[From "The Manor and Church of Woolley", by J. W. Walker, O.B.E., F.S.A.
Yorkshire Archaeological Journal, vol. 27, pp. 249-318 (1924)
Electronic text and additional notes kindly provided by David Hepworth
HTML version by Chris Phillips]

[This abstract is copied directly, with some explanatory notes by David Hepworth, who comments that Walker was not always the most accurate in his reading or interpretation of fact.]

The Dictons (Dichton, Dychton, Dighton, as the name is variously spelled) were tenants of land in Woolley early in the thirteenth century, and bore as their arms - Argent, a lion passant, between three crosses pattée fitchée gules.

About 1210 John Tyrel of Burchesclive (Bushcliff) let lands in Woolley lying next the Wolfpit to Thomas de Dicton, son of Geoffrey Butler (Pincerna) of Dicton (near Huddersfield) (W. 4, 5, 6, 7). [This relates to the indexing of the deeds at Woolley Hall at the time of writing.] This Thomas and his brother Henry bought much land in Woolley from the Tyrels, the Crigglestones, the Brettons of West Bretton, and the Mores (W. 10-25). Henry de Dicton, as has been previously stated, married Eva, widow of Henry de Wolvelay, who was lord of the manor of Woolley, and she brought as her dower the lordship of Woolley, lands in Woolley, and two parts of the mill of Woolley, which came to her from her late husband (W. 13A). As there was no issue of this marriage Henry de Dicton granted to his brother Thomas the homage and service of all his lands in Wolvelay whether in demesne or socage; and bequeathed a moiety of the mill of Woolley with his body to St. Oswald of Nostell; to be buried at Nostell Priory; 1188-1190.1

1 Chartul. of Nostell, [British Library] Vesp. E. xix, f. 36.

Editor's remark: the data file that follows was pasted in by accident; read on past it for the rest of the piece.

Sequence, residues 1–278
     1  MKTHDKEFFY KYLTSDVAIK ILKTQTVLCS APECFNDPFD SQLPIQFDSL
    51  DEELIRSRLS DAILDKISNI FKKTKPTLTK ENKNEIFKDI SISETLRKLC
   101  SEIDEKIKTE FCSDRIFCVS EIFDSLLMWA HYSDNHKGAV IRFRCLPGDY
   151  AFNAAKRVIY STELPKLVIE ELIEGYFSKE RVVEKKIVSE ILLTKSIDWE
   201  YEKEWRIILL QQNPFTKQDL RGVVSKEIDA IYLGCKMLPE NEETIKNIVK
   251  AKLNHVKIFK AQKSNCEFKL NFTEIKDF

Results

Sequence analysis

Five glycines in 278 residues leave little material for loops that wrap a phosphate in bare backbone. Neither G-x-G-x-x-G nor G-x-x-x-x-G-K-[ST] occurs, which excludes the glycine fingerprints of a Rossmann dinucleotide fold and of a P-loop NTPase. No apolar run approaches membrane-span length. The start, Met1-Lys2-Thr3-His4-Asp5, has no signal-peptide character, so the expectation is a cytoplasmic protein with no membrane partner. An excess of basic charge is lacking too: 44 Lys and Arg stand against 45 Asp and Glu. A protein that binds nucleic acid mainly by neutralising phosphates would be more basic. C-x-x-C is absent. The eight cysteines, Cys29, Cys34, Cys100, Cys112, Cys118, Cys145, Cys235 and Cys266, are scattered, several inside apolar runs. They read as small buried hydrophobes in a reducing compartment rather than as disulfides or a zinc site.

Thomas de Dicton's only child, Margaret, married John de Stainton, who adopted a coat of arms very similar to that of the Dictons, namely, Gules, on a fess or, between three crosses pattée argent, a lion passant of the field. John de Stainton was of full age in 1277; he appeared as a witness to a deed of Henry de Biri, son of Roger, c. 1284 (W. 31); and was dead in 1290, when Adam son of Roger de Preston quitclaimed to Margaret, widow of John de Stainton, full rights of wardship and marriage of her son John. The deed bears a circular seal, with the legend S. ADE. DE. PRESTONA.1 Margaret had five sons, John, Thomas, Robert, William and Godfrey. The latter, who married Isabel, widow of Adam of Castleford, in 1318, received from his mother a capital messuage and 116 acres of land with the lordship of Woolley, also the advowson of the Hermitage St. James of Wulvelay, and the right to grind his corn free at Woolley mill (W. 44). In 1319 Godfrey de Stainton and Isabella his wife gave one messuage, 63 acres of land, 7 acres of meadow, 30 acres of wood in Ackworth to the church of St. Mary Magdalene of Bretton, for the souls of the said Godfrey and Isabella, and for the soul of her former husband, Adam de Castleford. The prior gave to Godfrey and Isabella 100 marks of silver.2